Dogs For Adoption:
Bruno

Australian Cattle Dog Adult Male

Tonka

Pit Bull Adult Male

Kassie

German Shepherd Dog Adult Female

Doodad

none Young Male

Vicky

none Adult Female

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Cardigan Welsh Corgi

Tags: herding, Small-sized, Adaptable to apartment life, Kid-friendly, Protective guardian, Requires firm, dedicated training

My ancient ancestors were introduced to the Cardiganshire section of Wales, sometime around 1200 B.C., by the Celts. Whereas our cousins, the Pembroke Corgi, credit Flemish weavers in the Middle Ages for getting them to Pembroke, there may be some Nordic canine genes in their deep background. And probably in the Cardigans' gene pool as well, not to mention a dash of English sheepdog. Both Corgi varieties excel at cattle "droving" -- nipping at their heels to move them along and not getting kicked in the process. In the 19th Century, some breeders crossed the Pembroke and Cardigan so we're pretty similar these days. Cardigan Corgis are the ones with the double coats that need daily brushing. If you want to brush a Corgi just once a week, think about the Pembroke.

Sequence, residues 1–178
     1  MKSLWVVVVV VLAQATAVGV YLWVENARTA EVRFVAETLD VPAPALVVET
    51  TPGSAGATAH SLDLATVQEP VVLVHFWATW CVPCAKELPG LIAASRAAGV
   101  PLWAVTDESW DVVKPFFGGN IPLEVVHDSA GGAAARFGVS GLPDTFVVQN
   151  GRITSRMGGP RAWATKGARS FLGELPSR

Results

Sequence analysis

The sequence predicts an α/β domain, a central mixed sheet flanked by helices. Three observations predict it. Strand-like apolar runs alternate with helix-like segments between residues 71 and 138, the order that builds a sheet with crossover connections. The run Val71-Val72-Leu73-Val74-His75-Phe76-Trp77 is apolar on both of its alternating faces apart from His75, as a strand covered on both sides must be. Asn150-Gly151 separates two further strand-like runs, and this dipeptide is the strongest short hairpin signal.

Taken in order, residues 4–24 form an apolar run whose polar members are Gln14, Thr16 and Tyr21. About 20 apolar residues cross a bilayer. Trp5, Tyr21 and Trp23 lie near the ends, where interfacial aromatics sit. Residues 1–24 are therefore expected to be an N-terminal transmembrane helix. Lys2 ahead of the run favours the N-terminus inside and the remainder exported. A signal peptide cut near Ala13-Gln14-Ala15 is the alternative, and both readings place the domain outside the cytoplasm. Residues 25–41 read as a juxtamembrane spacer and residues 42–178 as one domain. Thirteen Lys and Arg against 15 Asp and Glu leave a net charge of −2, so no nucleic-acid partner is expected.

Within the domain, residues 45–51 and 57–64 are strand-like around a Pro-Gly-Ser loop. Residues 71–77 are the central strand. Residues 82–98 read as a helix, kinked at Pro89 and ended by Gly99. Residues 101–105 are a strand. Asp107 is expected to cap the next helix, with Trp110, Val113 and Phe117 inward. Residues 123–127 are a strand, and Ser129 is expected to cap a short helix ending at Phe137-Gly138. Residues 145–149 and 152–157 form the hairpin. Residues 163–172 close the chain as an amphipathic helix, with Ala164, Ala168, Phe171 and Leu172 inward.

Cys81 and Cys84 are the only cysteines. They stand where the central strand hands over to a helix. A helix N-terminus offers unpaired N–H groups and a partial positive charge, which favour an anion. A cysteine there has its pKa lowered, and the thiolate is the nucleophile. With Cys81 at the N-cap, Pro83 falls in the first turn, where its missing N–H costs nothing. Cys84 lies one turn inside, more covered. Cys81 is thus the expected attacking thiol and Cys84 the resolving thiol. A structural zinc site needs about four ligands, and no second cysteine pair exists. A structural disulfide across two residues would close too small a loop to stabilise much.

Rave review

  • Adaptable to apartment life -- with ample exercise
  • Affectionate, devoted family friend
  • Agile and active
  • Aloof and proud
  • Born to run, happy to walk
  • Busy is better than bored
  • Coat needs regular care
  • Confident and self-assured
  • Energizer doggie
  • Even-tempered, good-natured

Report card

  • Herding instinct
  • Independent thinker
  • Intelligent and ready to learn
  • Lives to work
  • Loves kids and vice-versa
  • Outdoors enthusiast
  • Perfect protector
  • Playful pal
  • Pleased to please
  • Caters to the country, tolerates town
  • Training must be firm, patient, consistent
  • Willing watchdog -- with bark to match

What to expect

I need you to understand one thing about cattle drover dogs -- or else our ingrained aptitude for nipping at the heels of moving feet will drive you crazy. If there's an opportunity near my new home, please get me involved in herding -- with real, live livestock to nip and drove. Or any other canine sport that gets me running around to burn off energy. Back at the homestead, make sure I learn that nipping human heels is a definite no-no. No excuses, no exceptions. Not even in the puppy phase when nipping might be "cute." Okay? What are we waiting for! Drive on!

Watch for

Pup's parents should be screened for CHD and PRA. Also watch for possible urinary tract disease and tendency to obesity in sedentary lifestyle, which can lead to back problems.

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